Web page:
Balanced Life

James 1:27 – Is Giving Your Money Enough?

James 1:27
Religion that is pure and undefiled before God, the Father, is this: to visit orphans and widows in their affliction, and to keep oneself unstained from the world.

Repeatedly in the Bible, we see God instructing his people to care for the needy. But how are they to do this?

Notice it’s not by tossing a few dollars their way and going back to our busy lives. We are to visit them.

The word visit here is more than simply dropping by – it implies a real concern for someone’s total wellbeing. It comes down to using our money and our time to ensure that physical, spiritual, and emotional needs are met.


I know what you’re thinking. Probably the same thing that I’m thinking.

My schedule is already maxed out. I’m trying to be a good dad and husband, I’m trying to have regular devotionals, I’m trying to exercise, I’m trying to serve in my church, I’m trying to bring home the bacon… Do I really have to give of my time?

Balanced Life

Our Culture is Addicted to Entertainment – Are You?

Hi, my name is Average American, and I’m a TV-aholic.

Nielsen just released a factsheet summarizing American TV usage for 2010 – and the most amazing thing for me was this: The average American watches 35.6 hours per week of TV – slightly over 5 hours per day.

Balanced Life Biblical Worldview

Don’t Deny the Gospel: How Wanting to Reduce Stress Can Be a Bad Thing

This is part two of the five-part series: Don’t Deny the Gospel.

Are you looking for relief from the stress of busyness?

Busyness can absolutely fry our minds, wear out our bodies, and damage our relationships. The allure of time management is that, through living a balanced life, we can find peace and serenity.

But that allure is a lie.

Balanced Life

Why You Secretly Love Being Way, Way, Way Too Busy

Think for a minute about this question: Would you say that you’re a busy person?

Let me guess: you only needed to think for half a second – and the answer is a definitive yes. I know that because everyone answers yes.
Seriously. Everyone.

Why is that the case?

The reasons are many, but I want to address a hidden and particularly nasty reason.
In a nutshell, I believe we like to be overly busy. We enjoy having way too much to do.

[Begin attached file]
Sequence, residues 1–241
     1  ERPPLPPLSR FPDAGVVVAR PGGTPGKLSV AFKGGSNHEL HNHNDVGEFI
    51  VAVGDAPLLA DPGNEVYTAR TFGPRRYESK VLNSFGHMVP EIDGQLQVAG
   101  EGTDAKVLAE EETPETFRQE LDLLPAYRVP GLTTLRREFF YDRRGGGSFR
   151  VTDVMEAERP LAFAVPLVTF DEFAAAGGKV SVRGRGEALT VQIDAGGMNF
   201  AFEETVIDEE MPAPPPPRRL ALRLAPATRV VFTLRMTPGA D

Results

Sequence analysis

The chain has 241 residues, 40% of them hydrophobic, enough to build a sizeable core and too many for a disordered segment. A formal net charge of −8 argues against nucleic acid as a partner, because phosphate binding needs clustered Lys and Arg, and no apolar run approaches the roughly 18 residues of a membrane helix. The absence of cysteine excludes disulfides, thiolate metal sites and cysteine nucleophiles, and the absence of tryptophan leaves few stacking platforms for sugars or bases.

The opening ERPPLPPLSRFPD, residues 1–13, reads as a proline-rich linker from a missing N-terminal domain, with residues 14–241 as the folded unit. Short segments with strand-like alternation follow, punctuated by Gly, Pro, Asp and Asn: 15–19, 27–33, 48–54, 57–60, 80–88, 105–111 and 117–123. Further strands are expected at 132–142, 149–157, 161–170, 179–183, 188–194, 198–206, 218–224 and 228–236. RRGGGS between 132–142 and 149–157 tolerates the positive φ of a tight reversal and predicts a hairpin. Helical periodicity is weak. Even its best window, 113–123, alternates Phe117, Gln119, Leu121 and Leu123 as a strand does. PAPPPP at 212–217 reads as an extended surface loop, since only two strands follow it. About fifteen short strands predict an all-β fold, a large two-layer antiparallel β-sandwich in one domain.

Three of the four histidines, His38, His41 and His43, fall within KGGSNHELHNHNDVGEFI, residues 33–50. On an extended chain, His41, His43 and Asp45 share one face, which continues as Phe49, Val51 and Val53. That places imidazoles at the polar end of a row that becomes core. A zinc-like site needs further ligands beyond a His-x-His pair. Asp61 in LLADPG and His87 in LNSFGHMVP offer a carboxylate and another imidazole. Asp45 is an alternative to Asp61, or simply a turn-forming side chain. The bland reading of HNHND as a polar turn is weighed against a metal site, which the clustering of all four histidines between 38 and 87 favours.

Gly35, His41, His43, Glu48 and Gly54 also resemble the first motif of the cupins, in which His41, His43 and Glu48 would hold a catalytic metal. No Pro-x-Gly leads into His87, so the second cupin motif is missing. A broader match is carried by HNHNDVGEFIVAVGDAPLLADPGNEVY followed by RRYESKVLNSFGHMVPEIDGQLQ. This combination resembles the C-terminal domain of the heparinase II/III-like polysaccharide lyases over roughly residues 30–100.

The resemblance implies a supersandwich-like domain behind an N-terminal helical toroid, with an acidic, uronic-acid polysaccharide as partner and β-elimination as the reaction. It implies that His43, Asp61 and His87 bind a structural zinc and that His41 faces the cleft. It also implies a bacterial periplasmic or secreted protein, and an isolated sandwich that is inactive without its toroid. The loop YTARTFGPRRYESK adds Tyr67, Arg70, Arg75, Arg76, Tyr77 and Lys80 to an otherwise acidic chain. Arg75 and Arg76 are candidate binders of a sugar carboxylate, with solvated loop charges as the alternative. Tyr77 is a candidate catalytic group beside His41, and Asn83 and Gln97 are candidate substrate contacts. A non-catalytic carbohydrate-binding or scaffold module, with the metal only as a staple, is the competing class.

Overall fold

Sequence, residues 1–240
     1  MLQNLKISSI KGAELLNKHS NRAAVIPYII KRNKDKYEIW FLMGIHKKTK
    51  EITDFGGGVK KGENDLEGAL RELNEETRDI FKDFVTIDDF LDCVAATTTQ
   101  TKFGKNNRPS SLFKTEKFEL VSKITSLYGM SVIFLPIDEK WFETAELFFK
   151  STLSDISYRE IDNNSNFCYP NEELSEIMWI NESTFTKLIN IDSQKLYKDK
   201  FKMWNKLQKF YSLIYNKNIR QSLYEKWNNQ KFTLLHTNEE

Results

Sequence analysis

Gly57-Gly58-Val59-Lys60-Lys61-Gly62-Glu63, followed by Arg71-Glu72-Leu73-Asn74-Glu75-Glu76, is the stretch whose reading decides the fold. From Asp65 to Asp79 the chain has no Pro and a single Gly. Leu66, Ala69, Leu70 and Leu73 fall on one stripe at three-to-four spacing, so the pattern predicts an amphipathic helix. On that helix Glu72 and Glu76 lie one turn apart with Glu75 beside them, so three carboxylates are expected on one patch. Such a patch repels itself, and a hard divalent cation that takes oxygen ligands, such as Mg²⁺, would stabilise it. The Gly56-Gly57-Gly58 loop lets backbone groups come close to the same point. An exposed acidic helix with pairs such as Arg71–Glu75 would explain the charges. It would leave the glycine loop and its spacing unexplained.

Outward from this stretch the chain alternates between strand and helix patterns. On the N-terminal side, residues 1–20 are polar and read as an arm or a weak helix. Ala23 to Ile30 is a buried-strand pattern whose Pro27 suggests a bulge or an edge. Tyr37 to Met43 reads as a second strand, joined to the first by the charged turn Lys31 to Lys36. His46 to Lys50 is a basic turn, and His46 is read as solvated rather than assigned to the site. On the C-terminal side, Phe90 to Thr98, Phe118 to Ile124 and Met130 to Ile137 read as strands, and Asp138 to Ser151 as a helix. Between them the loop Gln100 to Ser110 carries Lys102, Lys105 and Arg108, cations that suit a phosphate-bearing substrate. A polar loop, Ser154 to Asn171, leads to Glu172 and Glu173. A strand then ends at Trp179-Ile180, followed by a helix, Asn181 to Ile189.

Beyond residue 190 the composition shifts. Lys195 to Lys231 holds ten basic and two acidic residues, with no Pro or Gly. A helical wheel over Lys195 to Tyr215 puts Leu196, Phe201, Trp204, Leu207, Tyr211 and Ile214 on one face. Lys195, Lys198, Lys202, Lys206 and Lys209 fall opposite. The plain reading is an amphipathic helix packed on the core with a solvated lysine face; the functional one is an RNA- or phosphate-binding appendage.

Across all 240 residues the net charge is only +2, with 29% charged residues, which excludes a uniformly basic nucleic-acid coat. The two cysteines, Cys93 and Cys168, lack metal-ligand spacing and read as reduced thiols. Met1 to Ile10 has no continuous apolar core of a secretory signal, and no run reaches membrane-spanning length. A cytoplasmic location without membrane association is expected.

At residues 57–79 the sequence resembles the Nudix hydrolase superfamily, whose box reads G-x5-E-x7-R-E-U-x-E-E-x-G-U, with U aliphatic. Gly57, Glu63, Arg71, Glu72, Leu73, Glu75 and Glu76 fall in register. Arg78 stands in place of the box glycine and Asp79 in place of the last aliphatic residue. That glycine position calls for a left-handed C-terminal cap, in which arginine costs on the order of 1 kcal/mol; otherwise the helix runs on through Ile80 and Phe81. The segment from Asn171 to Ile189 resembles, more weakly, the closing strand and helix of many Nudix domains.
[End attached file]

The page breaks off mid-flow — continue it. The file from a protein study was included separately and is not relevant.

Balanced Life

How to Bring Sanity to Your Priorities

It seems sometimes like it’s just too much to juggle. How are you supposed to fit it all in?

You definitely want to spend quality time with your spouse. Your kids too. Family is a priority. You want to glorify God through your job, to provide for your family, and to work “as unto the Lord,” so your career is a priority.

You want to attend church, and perhaps you serve in a ministry in or outside of the church. That’s a priority. And, of course, don’t forget your own personal devotional walk with the Lord – so your quiet time is a priority.

Plus you want to regularly fellowship and maintain great friendships and relationships with people. That’s a priority. Oh yeah – and you want to exercise and take care of your physical health. That’s a priority.

As if that isn’t enough, you’re very aware of the importance of rest and rejuvenation. So that’s a priority too.

I can’t even read that list without feeling tension – as if I am being pulled in a million different directions at once. So imagine the feeling when we try to live this way.

Balanced Life

Busyness Leads to Hypocrisy: A Psychological Study

If you were a seminary student on your way to give a talk on the Parable of the Good Samaritan, and you happened to walk right by someone in obvious pain groaning in an alley – what do you think you’d do?

I mean, think about it. You are walking a short distance, surely thinking the whole way about what you’re going to say and how you’re going to share insight on the Parable of the Good Samaritan. You’re then presented with a situation that’s practically straight out of the parable – don’t you think a little voice inside your head would chime in, “Hey, genius! Maybe you should practice what you preach”?

I’d like to think I’d stop and offer help, but part of me doubts I would. Because in a 1973 psychological experiment seminary students were put in that exact situation, and the results are surprising (and slightly disappointing).